Still need to work on helping your dog walk better on their leash? Try this technique. By mixing it up a  bit on your walks it will really help diminish the culture clash between you and your dog. Break your walk up into a three-part pattern and continue to repeat this pattern for the duration of your walk.   

Step one – practice loose leash walking with your dog walking on a loose leash next to you. Reward them frequently when they’re walking on a loose leash with a tasty, easily chewed treat.  Remember to treat them where you want them to be so that’s where they’ll expect the treat to be next time. If the leash gets tight stop (think of a tight leash being a red light and a loose leash being a green light) and wait for the leash to get loose again then move forward and continue to reward every few feet.  Do this for the length of a couple of houses  If your dog is at the beginning of learning how to loose leash walk make sure they’re wearing a front hook harness like the Freedom Harness, or Gentle Leader.  We carry these at the shop and they really help your dog avoid practicing pulling on the leash. Your dog will have a lot less unlearning to do on their loose leash walking practice sessions.   

Step two – slow down and let your dog sniff to their heart’s content while slowly moving forward but move at their pace. Do this for about the same time that you practiced your loose leash walking.   

Step three – this is your fitness/speed walk process – grab up a little of your leash and keep your dog a bit closer to you then you did when you were loose leash walking or during the sniff walk – then tell your dog you’re going to walk quickly and purposefully and with a quick stride continue to walk forward a couple of more houses.   

Step four – begin the process all over again and continue to repeat this rhythm over the course of your walk. This is a great compromise for both you and your dog.  Remember to work at your dog’s level – reward them for all of their good choices (e.g. not pulling on the leash, looking up at you – paying attention, etc.)  You’ll both get the benefits that you’re looking for and no one will feel that their not getting the kind of walk they want. Plus it helps to build connection and makes the walks so much more interesting for both of you.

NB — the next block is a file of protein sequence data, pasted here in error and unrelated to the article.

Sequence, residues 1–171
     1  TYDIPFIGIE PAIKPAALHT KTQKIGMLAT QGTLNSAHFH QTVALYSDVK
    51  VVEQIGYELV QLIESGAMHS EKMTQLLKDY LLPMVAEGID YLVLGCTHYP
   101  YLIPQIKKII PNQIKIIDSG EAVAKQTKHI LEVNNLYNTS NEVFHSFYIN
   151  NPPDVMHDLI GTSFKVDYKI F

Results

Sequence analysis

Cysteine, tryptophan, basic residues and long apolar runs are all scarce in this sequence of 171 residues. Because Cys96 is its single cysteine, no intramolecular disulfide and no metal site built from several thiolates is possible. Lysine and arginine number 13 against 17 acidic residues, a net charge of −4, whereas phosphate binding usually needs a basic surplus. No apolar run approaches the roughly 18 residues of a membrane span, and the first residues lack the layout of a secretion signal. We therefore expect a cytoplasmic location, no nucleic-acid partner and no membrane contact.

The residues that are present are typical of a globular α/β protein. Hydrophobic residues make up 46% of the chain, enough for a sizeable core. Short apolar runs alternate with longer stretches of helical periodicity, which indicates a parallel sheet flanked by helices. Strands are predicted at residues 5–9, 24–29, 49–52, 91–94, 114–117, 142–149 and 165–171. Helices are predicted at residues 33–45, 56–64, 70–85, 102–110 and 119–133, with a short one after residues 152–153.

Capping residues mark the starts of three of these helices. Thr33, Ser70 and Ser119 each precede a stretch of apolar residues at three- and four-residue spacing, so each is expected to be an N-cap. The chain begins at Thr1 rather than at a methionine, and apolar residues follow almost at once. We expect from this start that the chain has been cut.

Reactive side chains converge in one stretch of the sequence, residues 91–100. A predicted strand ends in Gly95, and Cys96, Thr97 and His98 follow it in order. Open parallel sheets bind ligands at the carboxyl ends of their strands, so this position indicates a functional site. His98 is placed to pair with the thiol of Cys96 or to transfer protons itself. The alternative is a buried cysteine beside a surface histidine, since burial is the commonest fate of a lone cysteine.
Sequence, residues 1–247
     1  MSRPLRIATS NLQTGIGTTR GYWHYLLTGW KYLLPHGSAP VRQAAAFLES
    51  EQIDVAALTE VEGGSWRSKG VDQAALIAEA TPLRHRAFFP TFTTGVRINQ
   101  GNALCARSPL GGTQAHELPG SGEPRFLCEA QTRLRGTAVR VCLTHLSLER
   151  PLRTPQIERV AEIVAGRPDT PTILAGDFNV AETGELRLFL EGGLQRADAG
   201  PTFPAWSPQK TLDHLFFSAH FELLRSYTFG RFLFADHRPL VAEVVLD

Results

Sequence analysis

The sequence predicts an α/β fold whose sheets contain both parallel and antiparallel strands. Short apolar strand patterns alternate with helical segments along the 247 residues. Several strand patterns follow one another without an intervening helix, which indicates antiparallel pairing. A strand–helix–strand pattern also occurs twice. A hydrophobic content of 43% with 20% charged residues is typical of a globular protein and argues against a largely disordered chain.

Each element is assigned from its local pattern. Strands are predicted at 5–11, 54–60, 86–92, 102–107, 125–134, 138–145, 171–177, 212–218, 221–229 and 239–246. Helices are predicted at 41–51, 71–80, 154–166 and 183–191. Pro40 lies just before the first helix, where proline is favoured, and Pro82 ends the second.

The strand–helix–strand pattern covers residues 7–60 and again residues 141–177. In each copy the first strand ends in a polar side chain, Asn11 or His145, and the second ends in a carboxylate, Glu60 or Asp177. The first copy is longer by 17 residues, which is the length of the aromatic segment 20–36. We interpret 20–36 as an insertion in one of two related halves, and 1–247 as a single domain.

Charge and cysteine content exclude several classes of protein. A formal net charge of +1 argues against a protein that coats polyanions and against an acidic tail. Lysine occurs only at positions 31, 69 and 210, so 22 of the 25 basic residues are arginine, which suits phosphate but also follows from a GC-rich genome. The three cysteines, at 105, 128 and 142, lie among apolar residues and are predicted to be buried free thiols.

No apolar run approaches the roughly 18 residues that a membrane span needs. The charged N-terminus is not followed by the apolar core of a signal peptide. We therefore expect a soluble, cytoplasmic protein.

Not every walk has to be this formal.  Some walks may just be all about your dog’s nose.  That’s fine.  Watch your dog and see what kind of mood they’re in today.  Some days they may be perfectly fine going for a quick walk.  Some days, however, may be at a much more leisurely pace and all about the smells.  They’ll tell you what kind of walk they’d like today!   

As a point of safety, please refrain from any sustained running with your dog until you’ve spoken with your veterinarian.  Some experts recommend waiting until your dog is at least 18 months to 2 years old.  Some veterinarians recommend no earlier then at least eight months old and starting out very slowly with low mileage.  Your young dog’s soft tissue and bones are still developing and your young dog is not really ready for sustained running until they’re basically full grown.  This may seem like a long time for you and your new running partner to wait but it’s in the best interest of the long-term health of your dog but you can keep them stimulated and motivated in so many different ways.  When you are ready to begin a running program with your dog here’s a helpful link on getting started.   

Please always be aware of the weather avoiding daytime walks and keeping your dog properly hydrated whether you’re walking or on a run.  You want to avoid deadly heatstroke at all costs.   

We love going for walks and our dogs love going for walks with us – we just love them for different reasons.  Meeting each other halfway and understanding what’s most important for your dog can go a long way in fostering a stronger connection with your dog and enhancing both their physical and emotional well-being.   

Happy Walking!